Putting that together (combined with an improved controller), allows us to create nice formations:

So what is next? Eventually, we will integrate our changes into the various projects (including the firmwares and the ROS driver), allowing everyone to work on and with CrazySwarms.

Have fun flieing!

Wolfgang Hönig
PhD Student
Automatic Coordination of Teams Laboratory
University of Southern California
James Preiss
PhD Student
Robotics Embedded Systems Laboratory
University of Southern California

6 comments on “CrazySwarm

  • HI Wolfgang,

    I was reading your first blog and realized you have made some advancements. Congrats! Wondering, if this can be done by a hobbyist? I’m not an engineer, but very impressed with your swarm project. Is there a tutorial or a simpler setup you can share? I have two crazy flies I would like to use in swarm formation. Any help would be appreciated :)

    • Hi,
      The first major step is to get position feedback – without that you can’t even fly a single one autonomously. As hobbyist, you could use Bitcraze loco system (which is still in alpha stage), a Kinect, or a plain camera. For all of those, there has been successful reports of at least hovering a single Crazyflie. Once you actually want to follow waypoints, the camera based solutions typically don’t cover a wide enough area to execute interesting trajectories. Bitcrazes loco system is currently limited to a single CF, but could support a swarm with a software update.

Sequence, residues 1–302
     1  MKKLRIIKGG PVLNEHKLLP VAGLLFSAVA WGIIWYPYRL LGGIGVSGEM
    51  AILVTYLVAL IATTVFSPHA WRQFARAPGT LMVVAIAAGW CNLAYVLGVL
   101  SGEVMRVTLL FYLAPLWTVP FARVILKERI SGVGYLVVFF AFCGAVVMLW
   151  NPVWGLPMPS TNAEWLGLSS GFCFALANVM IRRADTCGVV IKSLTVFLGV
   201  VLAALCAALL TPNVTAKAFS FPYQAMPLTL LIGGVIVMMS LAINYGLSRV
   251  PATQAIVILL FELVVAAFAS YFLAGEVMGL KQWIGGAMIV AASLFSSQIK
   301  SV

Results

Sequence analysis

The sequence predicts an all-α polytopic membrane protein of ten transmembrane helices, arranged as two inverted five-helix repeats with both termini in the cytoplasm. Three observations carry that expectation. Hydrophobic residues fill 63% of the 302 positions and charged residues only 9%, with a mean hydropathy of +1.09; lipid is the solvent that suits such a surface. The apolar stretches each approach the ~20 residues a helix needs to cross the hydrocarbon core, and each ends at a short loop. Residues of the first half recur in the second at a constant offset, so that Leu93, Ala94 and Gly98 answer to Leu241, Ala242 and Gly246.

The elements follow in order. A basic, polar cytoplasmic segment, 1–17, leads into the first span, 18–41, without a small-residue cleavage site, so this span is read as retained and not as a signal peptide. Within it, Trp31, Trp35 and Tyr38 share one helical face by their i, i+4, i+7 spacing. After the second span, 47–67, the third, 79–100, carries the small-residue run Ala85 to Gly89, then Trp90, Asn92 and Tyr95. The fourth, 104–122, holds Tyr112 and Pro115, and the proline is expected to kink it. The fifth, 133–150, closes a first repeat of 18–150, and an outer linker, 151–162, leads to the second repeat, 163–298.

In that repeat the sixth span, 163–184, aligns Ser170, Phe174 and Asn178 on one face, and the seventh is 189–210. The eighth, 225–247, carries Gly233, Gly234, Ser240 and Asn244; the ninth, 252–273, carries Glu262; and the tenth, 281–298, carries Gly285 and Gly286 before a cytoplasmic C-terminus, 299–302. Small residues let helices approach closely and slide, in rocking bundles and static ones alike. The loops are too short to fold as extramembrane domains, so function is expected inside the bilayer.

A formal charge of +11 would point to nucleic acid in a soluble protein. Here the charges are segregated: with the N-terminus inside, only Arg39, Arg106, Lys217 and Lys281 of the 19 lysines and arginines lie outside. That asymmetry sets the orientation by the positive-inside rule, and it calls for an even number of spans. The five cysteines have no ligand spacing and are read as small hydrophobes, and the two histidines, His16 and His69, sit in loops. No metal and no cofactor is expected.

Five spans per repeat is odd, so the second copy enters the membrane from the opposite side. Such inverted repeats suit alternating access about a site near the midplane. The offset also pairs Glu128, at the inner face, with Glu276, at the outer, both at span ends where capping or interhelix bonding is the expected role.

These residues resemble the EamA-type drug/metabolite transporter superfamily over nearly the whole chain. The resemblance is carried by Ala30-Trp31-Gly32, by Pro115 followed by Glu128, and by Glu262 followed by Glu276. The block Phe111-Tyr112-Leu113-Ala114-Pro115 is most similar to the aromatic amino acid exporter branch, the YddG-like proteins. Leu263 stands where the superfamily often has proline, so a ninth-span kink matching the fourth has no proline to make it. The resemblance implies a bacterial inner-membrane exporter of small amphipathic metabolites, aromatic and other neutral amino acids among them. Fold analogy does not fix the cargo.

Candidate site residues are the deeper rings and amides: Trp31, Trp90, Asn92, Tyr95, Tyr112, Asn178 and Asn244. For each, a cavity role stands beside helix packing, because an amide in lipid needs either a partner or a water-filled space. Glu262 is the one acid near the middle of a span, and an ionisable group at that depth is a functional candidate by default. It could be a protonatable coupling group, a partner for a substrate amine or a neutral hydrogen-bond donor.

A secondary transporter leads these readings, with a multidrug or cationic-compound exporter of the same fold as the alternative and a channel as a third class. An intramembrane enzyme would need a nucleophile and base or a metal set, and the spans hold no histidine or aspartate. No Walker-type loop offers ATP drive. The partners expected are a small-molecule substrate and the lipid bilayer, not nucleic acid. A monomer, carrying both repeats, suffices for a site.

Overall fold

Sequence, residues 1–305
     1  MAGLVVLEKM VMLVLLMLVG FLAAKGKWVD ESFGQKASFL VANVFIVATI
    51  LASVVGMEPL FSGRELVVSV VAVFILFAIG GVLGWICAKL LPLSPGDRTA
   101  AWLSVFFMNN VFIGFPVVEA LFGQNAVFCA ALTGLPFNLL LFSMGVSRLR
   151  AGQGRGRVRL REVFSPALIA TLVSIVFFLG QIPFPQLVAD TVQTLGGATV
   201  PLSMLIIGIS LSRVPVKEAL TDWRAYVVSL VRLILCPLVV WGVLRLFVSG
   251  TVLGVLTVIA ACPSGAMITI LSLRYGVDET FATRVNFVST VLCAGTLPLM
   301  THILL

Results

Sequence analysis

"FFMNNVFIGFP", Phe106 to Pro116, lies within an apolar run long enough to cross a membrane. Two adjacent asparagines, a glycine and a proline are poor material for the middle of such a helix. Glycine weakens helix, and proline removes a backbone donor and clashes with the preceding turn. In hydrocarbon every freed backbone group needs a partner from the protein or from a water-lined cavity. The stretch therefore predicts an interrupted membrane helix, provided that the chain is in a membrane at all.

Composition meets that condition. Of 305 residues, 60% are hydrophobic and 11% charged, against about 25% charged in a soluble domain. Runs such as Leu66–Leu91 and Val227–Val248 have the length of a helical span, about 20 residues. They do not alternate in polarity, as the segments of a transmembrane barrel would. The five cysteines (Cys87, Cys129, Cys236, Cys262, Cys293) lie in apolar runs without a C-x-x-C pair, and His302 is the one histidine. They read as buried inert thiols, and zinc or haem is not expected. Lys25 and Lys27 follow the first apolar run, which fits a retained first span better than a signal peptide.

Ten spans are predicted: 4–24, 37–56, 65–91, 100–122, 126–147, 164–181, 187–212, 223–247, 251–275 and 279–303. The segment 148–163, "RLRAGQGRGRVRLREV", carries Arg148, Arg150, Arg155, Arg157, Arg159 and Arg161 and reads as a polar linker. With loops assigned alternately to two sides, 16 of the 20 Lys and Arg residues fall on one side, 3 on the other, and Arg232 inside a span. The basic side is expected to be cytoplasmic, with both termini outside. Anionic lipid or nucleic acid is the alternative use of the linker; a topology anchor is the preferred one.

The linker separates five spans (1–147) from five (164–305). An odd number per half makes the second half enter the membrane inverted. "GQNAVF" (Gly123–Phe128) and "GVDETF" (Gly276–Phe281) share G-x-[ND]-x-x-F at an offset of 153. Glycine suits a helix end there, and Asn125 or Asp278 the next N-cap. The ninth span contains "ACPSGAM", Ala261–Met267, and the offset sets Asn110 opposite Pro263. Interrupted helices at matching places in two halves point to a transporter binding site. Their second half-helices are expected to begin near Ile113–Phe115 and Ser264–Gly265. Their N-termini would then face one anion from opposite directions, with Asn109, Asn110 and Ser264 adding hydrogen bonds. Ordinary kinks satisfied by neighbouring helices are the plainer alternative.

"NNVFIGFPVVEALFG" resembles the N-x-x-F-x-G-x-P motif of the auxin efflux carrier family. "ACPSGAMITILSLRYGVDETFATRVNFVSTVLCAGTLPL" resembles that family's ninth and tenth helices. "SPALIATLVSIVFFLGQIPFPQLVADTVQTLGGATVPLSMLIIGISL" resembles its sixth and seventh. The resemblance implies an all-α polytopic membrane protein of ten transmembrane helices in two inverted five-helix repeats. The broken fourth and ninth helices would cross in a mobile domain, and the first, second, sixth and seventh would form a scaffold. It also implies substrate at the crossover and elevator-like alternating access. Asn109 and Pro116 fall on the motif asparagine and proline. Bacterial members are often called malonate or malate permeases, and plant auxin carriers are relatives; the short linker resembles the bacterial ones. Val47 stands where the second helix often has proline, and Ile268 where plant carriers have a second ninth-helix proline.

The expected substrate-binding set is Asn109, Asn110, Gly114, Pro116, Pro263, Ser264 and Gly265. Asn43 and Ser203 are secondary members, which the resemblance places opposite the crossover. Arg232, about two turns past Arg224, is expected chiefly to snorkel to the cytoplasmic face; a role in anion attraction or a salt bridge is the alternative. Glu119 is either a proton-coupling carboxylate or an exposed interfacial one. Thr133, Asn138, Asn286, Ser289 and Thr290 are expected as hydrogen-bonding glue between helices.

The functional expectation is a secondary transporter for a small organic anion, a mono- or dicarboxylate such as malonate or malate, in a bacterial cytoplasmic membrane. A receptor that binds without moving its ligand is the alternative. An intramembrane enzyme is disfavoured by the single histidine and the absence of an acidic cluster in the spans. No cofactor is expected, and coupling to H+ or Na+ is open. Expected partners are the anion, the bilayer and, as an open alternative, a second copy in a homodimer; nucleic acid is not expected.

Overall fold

Unfortunately, I am not aware of any step-by-step tutorial; the closest you can get is a single Kinect-controlled Crazyflie, documented here in the blog and the wiki.

  • Hi Wolfgang,

    This configuration is very impressive, I am currently working on making 2 drones be able to move with relative position to each other. I was wondering how you altered the controller to have the drones move with such precision. Also, do you have any suggestions in creating a demo to allow one drone to move by changing waypoints while the other simply follows by keeping the same original relative distance? Thanks in advance!

  • Hi Emily,
    You can find a paper with details in J. A. Preiss, W. Hönig, G. S. Sukhatme, and N. Ayanian. “Crazyswarm: A Large Nano-Quadcopter Swarm”, in Proc. IEEE International Conference on Robotics and Automation, 2017. A pre-print is available on my labs webpage ( The code and documentation is on github:

    For your question: The code comes with an example for waypoint following, but assuming you have waypoints for both drones. The waypoints are “timed”, so you can make sure they stay synchronized.